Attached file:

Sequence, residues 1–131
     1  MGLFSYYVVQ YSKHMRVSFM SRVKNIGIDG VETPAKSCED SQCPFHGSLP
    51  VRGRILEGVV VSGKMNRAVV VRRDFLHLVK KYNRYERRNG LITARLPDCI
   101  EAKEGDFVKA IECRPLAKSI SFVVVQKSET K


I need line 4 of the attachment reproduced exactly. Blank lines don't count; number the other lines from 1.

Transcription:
   101  EAKEGDFVKA IECRPLAKSI SFVVVQKSET K